February 10, 2016
6:00 pm - 11:00 pm
2439 18th St NW
Disruption is a look into the long-term environmental and cultural impact of conflict. The aim of the project is to create an evolving interactive map of visuals and firsthand accounts, in real-time, of areas within war-torn countries that often go overlooked. Locations are chosen based on their proximity to a frontline and/or major conflict, and on their ability to be tracked over a number of years.
A month-long trip to Iraqi Kurdistan in the fall of 2015 acted as an initial test towards creating this database. Three agricultural villages were chosen, each of which was no more than a twenty minute drive to the front line with the war on ISIS. Each village had been attacked and remains a target for future attacks.
Through your feedback after viewing a rough cut from this first trip, you will help give the filmmaker a stronger sense of the project and where it may be headed.
Keith Lane Bio:
To relate stories of culture and conflict requires flexibility of self and style. It requires a willingness to go deep, ask questions and remain open to the answers. Throughout an unconventional path to photographer, Keith Lane cultivated these qualities in order to bring the unfamiliar closer.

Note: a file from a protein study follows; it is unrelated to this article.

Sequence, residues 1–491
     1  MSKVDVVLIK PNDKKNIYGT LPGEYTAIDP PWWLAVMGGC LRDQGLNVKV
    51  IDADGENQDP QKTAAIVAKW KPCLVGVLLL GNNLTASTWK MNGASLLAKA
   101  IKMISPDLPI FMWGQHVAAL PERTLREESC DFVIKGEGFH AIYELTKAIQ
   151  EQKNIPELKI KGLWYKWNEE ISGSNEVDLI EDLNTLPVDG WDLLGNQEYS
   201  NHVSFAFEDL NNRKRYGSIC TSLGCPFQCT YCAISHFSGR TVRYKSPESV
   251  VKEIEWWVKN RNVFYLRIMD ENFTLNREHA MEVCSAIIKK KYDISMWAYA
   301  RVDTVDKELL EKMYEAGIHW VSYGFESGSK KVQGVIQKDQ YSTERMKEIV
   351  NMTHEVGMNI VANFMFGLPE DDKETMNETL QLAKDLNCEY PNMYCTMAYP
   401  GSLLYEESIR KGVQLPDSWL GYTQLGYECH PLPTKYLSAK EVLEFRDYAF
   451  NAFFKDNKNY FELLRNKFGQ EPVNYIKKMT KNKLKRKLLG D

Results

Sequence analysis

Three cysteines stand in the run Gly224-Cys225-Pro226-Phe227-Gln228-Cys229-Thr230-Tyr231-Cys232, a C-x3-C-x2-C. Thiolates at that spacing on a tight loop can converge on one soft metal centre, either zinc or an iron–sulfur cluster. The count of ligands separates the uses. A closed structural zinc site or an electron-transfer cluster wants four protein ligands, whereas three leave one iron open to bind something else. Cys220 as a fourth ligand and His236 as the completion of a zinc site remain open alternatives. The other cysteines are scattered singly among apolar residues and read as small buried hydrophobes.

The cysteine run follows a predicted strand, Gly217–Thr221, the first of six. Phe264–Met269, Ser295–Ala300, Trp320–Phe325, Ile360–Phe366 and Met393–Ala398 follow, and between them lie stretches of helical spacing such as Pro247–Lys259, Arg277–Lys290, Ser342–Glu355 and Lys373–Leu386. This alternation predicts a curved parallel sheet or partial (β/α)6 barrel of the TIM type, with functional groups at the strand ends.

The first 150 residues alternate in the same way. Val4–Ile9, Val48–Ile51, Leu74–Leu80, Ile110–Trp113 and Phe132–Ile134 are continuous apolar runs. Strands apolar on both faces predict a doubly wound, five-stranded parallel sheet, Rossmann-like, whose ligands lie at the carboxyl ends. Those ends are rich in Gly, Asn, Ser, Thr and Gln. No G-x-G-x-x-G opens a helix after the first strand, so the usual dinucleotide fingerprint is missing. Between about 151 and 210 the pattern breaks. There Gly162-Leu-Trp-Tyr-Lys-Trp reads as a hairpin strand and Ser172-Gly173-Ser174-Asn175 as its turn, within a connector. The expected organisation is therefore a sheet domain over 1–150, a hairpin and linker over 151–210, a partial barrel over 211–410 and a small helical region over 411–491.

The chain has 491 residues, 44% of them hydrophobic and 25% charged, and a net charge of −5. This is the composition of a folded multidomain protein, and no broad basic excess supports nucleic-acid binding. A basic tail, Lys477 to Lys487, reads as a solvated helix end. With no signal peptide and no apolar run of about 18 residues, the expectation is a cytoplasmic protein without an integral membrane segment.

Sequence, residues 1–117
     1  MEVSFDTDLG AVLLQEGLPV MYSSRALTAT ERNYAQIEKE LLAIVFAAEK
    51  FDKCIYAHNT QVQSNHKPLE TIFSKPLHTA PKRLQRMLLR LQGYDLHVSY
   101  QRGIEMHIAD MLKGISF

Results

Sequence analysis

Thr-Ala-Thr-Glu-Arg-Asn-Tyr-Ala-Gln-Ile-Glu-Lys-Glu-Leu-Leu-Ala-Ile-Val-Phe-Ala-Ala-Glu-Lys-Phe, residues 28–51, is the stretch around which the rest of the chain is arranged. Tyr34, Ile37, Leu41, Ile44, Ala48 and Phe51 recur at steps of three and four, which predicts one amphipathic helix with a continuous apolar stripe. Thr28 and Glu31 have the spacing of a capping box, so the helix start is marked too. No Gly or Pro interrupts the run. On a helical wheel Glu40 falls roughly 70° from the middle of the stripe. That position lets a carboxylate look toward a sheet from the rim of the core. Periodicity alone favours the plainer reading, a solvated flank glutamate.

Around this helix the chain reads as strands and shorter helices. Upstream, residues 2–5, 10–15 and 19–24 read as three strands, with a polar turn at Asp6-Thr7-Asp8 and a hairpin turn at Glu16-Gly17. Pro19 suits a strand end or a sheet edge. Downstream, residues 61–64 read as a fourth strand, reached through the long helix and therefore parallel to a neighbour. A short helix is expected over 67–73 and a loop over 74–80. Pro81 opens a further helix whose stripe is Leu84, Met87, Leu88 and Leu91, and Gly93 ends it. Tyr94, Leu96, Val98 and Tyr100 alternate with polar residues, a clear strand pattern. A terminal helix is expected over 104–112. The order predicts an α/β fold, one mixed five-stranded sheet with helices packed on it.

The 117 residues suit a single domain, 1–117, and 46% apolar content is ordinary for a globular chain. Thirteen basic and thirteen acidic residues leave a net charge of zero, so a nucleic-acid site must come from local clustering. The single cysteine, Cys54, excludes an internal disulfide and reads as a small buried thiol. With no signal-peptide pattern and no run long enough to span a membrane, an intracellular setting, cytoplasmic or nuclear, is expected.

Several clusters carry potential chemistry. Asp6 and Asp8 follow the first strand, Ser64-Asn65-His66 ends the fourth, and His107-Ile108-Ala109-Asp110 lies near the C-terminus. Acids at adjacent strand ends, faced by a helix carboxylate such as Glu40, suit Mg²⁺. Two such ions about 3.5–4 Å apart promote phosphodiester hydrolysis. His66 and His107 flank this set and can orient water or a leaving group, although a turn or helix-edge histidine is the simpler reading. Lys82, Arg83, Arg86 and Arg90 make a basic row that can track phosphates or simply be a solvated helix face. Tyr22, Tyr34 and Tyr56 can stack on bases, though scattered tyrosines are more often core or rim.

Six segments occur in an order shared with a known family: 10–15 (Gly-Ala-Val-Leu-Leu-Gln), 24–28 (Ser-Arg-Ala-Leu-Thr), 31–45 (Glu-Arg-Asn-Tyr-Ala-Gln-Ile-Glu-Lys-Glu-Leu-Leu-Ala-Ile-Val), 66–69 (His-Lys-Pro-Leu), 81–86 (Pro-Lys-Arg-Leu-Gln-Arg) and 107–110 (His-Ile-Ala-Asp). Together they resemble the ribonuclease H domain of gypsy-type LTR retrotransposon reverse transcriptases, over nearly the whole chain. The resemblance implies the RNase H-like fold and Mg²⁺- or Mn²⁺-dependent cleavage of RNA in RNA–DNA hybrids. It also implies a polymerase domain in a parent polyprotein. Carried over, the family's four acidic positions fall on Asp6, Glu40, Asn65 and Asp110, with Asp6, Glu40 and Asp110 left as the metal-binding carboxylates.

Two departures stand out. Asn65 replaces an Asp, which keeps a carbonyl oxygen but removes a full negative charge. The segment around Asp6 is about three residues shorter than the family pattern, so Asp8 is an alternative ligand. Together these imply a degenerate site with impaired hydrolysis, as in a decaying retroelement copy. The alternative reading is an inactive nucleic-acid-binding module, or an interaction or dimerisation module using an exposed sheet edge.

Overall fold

Keith studied environmental science, spent time teaching outdoor education in California and worked for an energy consultant NGO before touring the US—by bus—for a Masters of Science degree in environmental education. He then volunteered for a public policy NGO in a move that became an unexpected turning point.
While working in Bangladesh, Keith began photographing flooded towns and villages. The storytelling tool struck a chord. Changing gears, he earned a graduate certificate at the renowned Salt Institute for Documentary Studies (Portland, Maine). Then, he set out to cover the complex socio-environmental issues he’d invested in as a student: war’s long aftermath; natural disaster; and conflict, both internal and international. His subjects have taken him to earthquake-ravaged Haiti, mine-infested fields of Cambodia and, eventually, a politically volatile Cairo, where he both taught at American University (Cairo) and photographed the city’s streets from the 2012 presidential elections to the new president’s ouster in 2013.